Alaska Airlines Unveils New Xáat Kwáani Special Livery
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Alaska Airlines Unveils New Xáat Kwáani Special Livery

ANCHORAGE — Alaska Airlines (AS) unveiled today Xáat Kwáani, the airline’s latest special scheme.

The new name, which means “Salmon People” in the Alaska Tlingit language, refers to the spiritual link between those who interact with the beloved salmon and all of us who benefit from their stewardship of the environment.

The new paint scheme is painted on a Boeing 737-890 registration N559AS (MSN 35178 · LN 2026) which many of you will remember for being painted in the world-famous “Salmon Thirty Salmon II” scheme that was recently phased out.

“Every time I looked at an Alaska plane, I couldn’t help but visualize the salmon being in formline, or having some sort of design that represents identity. I can’t help but look at things and see how to Indigenize them,” says Crystal Worl, an Alaska native artist who was in charge of the new special livery for Alaska Airlines.

Photo Brandon Farris/Airways

The design by Worl is a one-of-a-kind work that not only honors the salmon, but culture, artistic expression, and language of the Alaska Native and Native American people of Alaska and the Pacific Northwest.

“Having read about Crystal, seen her murals in Juneau and Anchorage, and knowing her love of monumental art, she came to mind when we had the opportunity to paint a very large canvas— a 737-800,” said Marilyn Romano, regional vice president in Alaska Airlines. “Only this time, instead of remaining stationary and having viewers come to the art, we will take the art everywhere this plane flies, inviting guests to learn more about Alaska Native and Native American history, art, culture, and language.”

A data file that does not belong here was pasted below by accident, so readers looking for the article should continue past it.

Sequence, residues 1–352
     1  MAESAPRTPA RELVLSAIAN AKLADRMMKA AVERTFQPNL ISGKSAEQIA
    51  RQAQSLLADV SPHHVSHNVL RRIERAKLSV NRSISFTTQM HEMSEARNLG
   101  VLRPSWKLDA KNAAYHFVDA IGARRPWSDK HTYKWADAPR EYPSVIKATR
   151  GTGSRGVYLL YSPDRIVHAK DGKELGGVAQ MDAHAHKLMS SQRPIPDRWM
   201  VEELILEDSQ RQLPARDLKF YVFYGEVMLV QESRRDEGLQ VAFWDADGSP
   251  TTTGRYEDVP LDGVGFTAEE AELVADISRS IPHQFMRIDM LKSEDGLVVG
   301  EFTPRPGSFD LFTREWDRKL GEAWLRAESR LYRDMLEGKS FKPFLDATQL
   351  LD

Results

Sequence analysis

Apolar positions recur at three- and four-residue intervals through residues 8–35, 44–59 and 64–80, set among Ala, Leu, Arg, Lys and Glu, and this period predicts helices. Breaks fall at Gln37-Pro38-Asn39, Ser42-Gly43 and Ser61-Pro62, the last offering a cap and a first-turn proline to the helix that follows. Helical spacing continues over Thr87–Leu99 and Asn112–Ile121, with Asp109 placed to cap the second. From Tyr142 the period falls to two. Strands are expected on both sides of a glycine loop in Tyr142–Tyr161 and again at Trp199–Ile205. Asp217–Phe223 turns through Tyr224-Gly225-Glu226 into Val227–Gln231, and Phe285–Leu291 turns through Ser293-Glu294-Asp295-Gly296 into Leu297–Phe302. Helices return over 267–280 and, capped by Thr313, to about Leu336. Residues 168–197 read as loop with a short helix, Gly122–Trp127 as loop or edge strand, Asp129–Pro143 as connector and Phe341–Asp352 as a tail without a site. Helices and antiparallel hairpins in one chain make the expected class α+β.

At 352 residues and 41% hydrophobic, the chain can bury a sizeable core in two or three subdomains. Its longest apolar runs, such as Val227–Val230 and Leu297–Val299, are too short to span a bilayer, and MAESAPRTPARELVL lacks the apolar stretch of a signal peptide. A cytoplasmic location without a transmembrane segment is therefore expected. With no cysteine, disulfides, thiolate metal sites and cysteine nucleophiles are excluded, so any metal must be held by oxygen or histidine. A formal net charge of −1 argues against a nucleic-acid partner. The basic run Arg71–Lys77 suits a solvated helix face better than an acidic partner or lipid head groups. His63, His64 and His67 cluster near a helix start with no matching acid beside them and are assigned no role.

Formline art dates back more than 2000 years and is a two-dimensional design style integral to the culture of the Tingit, Haida and Tsimshian people of Southeast Alaska. Other creations by Worl include exploring the relationships and bonds that connect her people, the land, and the native animals of Alaska. Worl aims to bring attention to Indigenous culture and help to pass on ancestral values to a new generation.

“Salmon are perhaps probably the strongest beings on earth,” Worl said. “We have a great amount of respect for salmon because they’re feeding my family, clan members, community members, and Alaskans. The nutrients in their bodies feed our people, this community. It’s how our Tongass rainforest is so lush and how our animals are so big and strong. Their muscles feed our muscles and stimulate so many facets of our existence and have for thousands of years — I just hope that will remain for the next generations.”

Photo Brandon Farris/Airways

Facts About Xáat Kwáani

This Alaska Airlines Boeing 737-800 will be the first in any domestic airline fleet to have the name of the plane in an Alaska Native language. Xáat Kwáani took just 12 days to use 117 gallons to paint. It features four main colors: Midnight Blue, Atlas Blue, White, and Pink.

The specially painted livery will fly for a number of years through a paint system that applies a protective clear coat over the base coats. This protective coating will keep the livery looking fresh for many years.

The aircraft will enter passenger service on Friday, May 12 flying south as Alaska flight AS62, which includes stops in Worl’s hometown of Juneau before continuing on through Sitka, Ketchikan, and Seattle. Airways will be onboard this first flight and will be posting a full photo gallery of the flights.

Feature Image: Xáat Kwáani sits in the Alaska Airlines Maintenace Hangar at a special unveiling event. Photo Brandon Farris/Airways

Photography Editor
Aviation photojournalist having started with aviation photography with the 747-8F first flight and 787 flight test program. I'm usually around Boeing Field and Renton getting the latest MAX off the flight line along with the latest Boeing test flight programs. Based in Seattle, WA. United States.

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